Stability or Inflexibility?
Everton’s shocking away record this season was given a boost from Sunday’s win over Leicester City at the King Power, therefore it was a little surprising that manager Frank Lampard set up the way he did in midweek. Of course, one road win does not wipe away the memory of months of abject performances away from Goodison Park, but it was a little disheartening to see the team line up against Watford in the 5-4-1/3-4-3 that had served the team well in successful defensive battles over the previous two fixtures.
Context is everything and going off Lampard’s post-match comments, he was reluctant to sacrifice the structure and stability that had been built up in recent weeks, which is completely understandable given how fragile Everton’s turnaround has been. In addition, quite what team the Hornets would put out on Wednesday night was a mystery as a number of nominal starters were listed as doubts going into the match. Deploying Alex Iwobi and Vitaliy Mykolenko as wingbacks would make some sense if Emmanuel Dennis and Ismaila Sarr had lined up as wide attackers, as both can be dangerous on their day.
As it happens, the home side was far from the regular Watford starting eleven with key players missing and replaced by a bunch of mostly little-used backup options. Instead of Dennis, with 10 Premier League goals this season, they had Ken Sema, who has only two starts this calendar year and Sarr’s replacement was Samuel Kalu, starting his first match for the club after joining in January. In midfield, former Everton player Dan Gosling was making his first appearance since the opening game of the season. Even with their starters available, the Hornets have been truly awful at Vicarage Road and were entering the match having suffered eleven straight home defeats. However, the Blues started the match as if they were playing a tough outfit, sitting very deep and rarely getting men forward. It got a little better after the opening ten minutes, but for much of the 90 it appeared the visitors were content enough to share the points and that has to be considered a missed opportunity to put additional distance between the Toffees and their relegation rivals.
A Lack of Trust
Watching the Blues struggle to get much going offensively, particularly after it had become apparent that Watford carried little attacking threat, it became a source of frustration to see Lampard once again leave his substitutions late and - maddeningly - not use all three. At times this season, Everton’s bench has comprised few serious options, often being bulked out with youth team players and two goalkeepers, but this was not the case on Wednesday. The boss had plenty of room to manoeuvre to effect change on a game that was drifting, but appeared reluctant to do so. Strangely, Lampard mentioned tiredness by way of explaining away the disappointing performance, but surely this is what substitutes are for; to get fresh legs on the pitch? Demarai Gray and Anthony Gordon underwhelmed and either or both could have been hauled off on the hour mark. Eventually, in the 77th minute Gray was removed in favour of Dominic Calvert-Lewin and the Richarlison was shifted out to the left flank, where he typically prospers. But why did it take so long to make this alteration?
Gordon looked tired from the early stages of the second half. The 21-year old has been a huge success story for the Blues this season, but is in danger of being overplayed. The youngster has now racked up over 2,500 minutes in all competitions, has started 14 of 15 league matches under Lampard and played the full 90 in the last six. I get why the manager trusts the youth setup graduate: he’s fast, enthusiastic and desperate to win. He also has plenty of quality, but for all the major growth he’s showed this campaign, he is a young and inexperienced player, lacking consistency in his decision-making and end product. Gordon will always give his all, but it is up to the manager to withdraw him when it is not working out, as it didn’t on Wednesday. This match was crying out for some creativity in the centre of the pitch and if ever there was a time to introduce Dele Alli, then surely it was against this poor Watford team. The home side were open all day through the middle, but Everton had nobody who could pick a pass and play heads-up football, except for Iwobi, who spent the game marooned out on the right flank.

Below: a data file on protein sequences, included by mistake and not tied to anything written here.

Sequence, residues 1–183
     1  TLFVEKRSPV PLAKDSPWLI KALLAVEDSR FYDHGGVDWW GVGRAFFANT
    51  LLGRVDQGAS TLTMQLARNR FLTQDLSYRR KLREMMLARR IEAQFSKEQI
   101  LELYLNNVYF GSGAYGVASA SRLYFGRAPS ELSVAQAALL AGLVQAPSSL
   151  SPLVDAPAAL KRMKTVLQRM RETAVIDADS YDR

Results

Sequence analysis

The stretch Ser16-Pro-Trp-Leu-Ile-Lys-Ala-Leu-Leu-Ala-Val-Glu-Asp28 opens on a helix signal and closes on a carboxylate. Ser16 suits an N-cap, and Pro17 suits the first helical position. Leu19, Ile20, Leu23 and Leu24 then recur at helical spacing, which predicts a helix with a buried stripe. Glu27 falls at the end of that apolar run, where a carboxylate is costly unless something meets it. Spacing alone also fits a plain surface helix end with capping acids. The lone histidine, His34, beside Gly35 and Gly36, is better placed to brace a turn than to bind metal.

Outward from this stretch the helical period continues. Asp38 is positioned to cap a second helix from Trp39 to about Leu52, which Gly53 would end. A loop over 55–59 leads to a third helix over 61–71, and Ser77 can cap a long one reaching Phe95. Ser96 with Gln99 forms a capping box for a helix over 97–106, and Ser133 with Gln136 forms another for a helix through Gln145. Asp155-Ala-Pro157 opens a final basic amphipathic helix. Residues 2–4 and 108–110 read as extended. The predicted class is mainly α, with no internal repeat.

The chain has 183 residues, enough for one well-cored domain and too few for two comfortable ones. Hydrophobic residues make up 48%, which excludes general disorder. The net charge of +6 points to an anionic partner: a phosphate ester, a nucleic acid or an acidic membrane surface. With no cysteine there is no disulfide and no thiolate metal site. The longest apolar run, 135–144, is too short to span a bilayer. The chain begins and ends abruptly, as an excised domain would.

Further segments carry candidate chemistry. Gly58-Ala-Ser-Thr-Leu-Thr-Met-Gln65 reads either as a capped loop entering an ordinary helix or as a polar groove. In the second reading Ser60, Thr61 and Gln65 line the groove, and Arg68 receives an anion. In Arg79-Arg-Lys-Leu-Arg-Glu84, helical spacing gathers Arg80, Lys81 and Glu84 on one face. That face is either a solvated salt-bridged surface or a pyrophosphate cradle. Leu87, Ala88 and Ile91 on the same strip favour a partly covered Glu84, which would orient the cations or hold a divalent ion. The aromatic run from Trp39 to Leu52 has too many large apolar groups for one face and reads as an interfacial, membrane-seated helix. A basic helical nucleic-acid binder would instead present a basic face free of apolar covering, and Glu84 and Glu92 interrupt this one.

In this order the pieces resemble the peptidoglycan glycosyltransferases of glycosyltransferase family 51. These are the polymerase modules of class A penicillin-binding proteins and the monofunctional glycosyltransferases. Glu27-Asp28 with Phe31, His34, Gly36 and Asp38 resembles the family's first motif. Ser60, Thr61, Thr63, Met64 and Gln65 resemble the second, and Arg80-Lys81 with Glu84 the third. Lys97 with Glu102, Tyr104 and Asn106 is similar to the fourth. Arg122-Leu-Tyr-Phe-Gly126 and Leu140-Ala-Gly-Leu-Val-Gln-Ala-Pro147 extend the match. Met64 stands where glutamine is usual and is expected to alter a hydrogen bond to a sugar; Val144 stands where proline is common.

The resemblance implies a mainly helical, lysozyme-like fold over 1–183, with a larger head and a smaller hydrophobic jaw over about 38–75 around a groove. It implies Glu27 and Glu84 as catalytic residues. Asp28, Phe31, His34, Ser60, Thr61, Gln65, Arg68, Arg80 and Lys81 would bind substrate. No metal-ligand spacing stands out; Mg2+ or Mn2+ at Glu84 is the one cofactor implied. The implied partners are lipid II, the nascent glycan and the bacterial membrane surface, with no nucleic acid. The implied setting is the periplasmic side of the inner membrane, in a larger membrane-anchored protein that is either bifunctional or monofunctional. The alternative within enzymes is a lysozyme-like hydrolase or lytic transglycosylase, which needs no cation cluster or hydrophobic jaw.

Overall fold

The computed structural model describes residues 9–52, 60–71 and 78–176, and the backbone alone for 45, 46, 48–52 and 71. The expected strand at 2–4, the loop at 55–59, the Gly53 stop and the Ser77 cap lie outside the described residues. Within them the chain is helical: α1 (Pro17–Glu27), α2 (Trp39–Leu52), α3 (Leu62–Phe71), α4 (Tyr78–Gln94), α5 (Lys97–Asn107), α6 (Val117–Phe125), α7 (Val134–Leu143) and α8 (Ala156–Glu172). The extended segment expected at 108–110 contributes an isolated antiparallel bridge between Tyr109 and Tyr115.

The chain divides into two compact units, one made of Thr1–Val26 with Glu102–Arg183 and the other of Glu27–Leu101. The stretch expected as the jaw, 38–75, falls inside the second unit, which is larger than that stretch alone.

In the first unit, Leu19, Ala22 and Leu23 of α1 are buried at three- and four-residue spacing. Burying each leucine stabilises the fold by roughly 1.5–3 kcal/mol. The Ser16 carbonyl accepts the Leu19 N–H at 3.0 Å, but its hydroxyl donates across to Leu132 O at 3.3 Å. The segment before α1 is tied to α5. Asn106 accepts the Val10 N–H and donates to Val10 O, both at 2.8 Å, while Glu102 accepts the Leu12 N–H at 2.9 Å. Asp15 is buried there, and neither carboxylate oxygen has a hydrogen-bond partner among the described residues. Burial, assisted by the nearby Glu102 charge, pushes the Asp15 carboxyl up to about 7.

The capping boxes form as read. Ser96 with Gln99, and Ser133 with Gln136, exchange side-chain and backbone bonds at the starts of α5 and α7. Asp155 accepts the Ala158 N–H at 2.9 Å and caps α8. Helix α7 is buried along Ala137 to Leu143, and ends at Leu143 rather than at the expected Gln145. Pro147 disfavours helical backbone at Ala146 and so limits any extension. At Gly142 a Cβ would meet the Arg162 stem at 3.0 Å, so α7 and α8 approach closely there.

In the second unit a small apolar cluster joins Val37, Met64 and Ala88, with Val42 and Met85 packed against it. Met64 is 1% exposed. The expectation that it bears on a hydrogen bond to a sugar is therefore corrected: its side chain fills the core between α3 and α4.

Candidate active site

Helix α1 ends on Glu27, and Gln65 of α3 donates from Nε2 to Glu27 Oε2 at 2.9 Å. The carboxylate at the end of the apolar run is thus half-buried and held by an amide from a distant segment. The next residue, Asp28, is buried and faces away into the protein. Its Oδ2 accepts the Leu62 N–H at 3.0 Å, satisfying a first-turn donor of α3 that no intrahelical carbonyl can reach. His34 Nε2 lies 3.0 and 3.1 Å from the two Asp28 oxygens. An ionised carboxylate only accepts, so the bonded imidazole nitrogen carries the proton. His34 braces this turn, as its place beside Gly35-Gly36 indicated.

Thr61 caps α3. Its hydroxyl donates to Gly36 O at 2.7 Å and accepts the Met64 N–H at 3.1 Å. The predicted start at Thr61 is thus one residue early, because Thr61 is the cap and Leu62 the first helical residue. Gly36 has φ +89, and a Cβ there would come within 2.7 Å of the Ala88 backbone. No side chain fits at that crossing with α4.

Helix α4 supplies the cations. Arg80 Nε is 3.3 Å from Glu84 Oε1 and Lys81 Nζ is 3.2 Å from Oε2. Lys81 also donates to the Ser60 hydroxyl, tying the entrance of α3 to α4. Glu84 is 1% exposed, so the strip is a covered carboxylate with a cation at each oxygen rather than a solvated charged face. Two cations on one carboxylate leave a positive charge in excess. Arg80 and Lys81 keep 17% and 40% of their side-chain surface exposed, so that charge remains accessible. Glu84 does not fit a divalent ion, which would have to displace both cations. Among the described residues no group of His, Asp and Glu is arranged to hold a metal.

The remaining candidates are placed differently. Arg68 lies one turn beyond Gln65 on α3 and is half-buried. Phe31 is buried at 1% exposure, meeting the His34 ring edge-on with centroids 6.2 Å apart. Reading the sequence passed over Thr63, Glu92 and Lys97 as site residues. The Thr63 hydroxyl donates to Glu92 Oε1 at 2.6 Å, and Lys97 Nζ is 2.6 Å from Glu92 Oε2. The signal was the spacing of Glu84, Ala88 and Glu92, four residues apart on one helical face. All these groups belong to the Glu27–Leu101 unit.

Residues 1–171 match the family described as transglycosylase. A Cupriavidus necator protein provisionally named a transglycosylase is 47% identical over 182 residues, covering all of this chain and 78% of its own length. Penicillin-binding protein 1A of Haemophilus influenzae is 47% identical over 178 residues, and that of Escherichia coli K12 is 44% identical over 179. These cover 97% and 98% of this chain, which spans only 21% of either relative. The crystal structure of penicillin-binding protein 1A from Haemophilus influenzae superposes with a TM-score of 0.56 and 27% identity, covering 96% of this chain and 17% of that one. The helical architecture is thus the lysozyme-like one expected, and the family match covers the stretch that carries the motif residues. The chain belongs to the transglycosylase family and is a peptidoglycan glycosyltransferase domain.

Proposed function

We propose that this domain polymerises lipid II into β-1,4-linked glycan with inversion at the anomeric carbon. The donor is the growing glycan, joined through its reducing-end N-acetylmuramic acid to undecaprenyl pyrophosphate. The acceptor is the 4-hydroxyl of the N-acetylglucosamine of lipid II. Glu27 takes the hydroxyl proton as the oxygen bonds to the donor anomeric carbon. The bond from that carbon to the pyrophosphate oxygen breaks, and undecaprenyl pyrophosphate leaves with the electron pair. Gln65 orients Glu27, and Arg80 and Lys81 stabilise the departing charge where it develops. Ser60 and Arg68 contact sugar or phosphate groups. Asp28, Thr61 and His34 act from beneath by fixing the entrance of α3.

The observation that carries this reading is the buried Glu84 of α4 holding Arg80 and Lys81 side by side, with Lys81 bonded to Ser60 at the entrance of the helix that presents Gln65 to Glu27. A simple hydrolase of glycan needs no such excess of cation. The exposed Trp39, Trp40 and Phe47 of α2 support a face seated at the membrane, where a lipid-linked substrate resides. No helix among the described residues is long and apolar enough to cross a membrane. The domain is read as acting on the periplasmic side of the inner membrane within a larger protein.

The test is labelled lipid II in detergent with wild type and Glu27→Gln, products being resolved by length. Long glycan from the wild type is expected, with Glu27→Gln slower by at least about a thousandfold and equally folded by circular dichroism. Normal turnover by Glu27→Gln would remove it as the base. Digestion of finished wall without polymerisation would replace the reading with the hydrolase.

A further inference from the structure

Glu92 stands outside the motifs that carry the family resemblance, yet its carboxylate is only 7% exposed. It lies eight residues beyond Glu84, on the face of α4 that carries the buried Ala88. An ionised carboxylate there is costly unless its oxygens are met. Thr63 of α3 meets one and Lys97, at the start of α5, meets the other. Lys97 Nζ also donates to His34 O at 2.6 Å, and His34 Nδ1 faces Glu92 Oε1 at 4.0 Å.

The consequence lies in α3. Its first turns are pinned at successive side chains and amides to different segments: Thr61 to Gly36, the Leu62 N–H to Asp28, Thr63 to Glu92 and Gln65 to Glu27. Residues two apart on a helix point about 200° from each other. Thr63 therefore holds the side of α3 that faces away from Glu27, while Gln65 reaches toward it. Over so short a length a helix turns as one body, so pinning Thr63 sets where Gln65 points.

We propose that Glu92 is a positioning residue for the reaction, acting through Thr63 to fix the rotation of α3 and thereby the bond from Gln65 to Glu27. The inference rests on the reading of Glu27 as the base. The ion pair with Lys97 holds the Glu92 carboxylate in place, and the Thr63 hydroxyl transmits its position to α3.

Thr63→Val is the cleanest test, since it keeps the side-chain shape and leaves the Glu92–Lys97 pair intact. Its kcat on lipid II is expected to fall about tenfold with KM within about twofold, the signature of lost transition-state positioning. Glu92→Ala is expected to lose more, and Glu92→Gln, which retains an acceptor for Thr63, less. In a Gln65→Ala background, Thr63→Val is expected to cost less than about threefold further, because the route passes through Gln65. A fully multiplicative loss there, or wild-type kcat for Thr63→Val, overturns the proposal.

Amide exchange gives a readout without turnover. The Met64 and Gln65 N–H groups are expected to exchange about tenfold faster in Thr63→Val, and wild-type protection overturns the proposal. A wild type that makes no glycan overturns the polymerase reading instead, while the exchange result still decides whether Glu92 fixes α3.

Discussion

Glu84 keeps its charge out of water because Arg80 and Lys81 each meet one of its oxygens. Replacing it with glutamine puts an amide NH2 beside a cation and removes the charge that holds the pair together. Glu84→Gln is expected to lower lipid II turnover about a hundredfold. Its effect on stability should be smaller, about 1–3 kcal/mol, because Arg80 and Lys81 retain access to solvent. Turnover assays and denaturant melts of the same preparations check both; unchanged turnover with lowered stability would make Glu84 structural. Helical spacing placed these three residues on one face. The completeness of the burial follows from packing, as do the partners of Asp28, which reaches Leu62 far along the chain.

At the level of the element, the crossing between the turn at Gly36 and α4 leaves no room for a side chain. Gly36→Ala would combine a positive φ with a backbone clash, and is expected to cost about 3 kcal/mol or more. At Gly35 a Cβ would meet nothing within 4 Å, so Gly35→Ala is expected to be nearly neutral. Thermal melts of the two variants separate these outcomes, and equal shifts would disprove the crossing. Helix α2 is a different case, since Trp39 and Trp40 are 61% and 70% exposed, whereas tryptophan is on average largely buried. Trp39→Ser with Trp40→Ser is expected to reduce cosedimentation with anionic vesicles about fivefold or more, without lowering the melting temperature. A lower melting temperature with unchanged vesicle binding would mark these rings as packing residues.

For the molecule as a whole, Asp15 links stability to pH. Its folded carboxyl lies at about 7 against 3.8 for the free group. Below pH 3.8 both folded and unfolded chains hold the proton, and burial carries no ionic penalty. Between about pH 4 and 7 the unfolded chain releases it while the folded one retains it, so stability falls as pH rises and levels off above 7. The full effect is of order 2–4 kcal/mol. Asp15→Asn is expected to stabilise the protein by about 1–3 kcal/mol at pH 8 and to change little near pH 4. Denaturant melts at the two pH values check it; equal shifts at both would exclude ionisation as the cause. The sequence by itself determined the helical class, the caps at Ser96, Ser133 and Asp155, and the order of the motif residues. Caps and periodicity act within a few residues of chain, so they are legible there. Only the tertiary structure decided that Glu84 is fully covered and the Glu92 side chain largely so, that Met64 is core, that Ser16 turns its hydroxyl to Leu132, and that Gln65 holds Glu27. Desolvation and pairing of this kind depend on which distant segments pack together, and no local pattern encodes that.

One Man Band
A player who once appeared unable to string together two consecutive decent performances, Alex Iwobi is a changed man under the new regime, seemingly able to adapt to any position and role he’s presented with. The Nigerian has now put in three strong efforts in a row in the unfamiliar position of right wing back and was comfortably Everton’s player of the match against the Hornets. Virtually everything creative came from the ostensible number ten, despite him being very far from the centre of the action. He made five key passes and connected on five of his six crosses as he played with vision and an awareness of the movements of his teammates; something generally lacking in Everton’s attacking players. The former Arsenal man contributed 0.7 of the Blues’ 1.0 xA (Expected Assists).
Iwobi touched the ball a team-high 78 times, made two of three dribbles and carried the ball progressively throughout the match. Defensively he was a major contributor also, racking up an impressive five tackles and pressing effectively, attempting 28 pressures with a success rate of 46.4% as Watford coughed the ball up with regularity. Whilst some Blues players had solid games, such as Fabian Delph and the rest of the defence, Iwobi was a standout. Possibly he would have been able to impact the game to an even greater degree if he’d been shifted into midfield, but regardless he has to be commended for his efforts. Clearly, he’s a player that has responded to the manager’s faith in him and right now looks like he would run through walls for the team.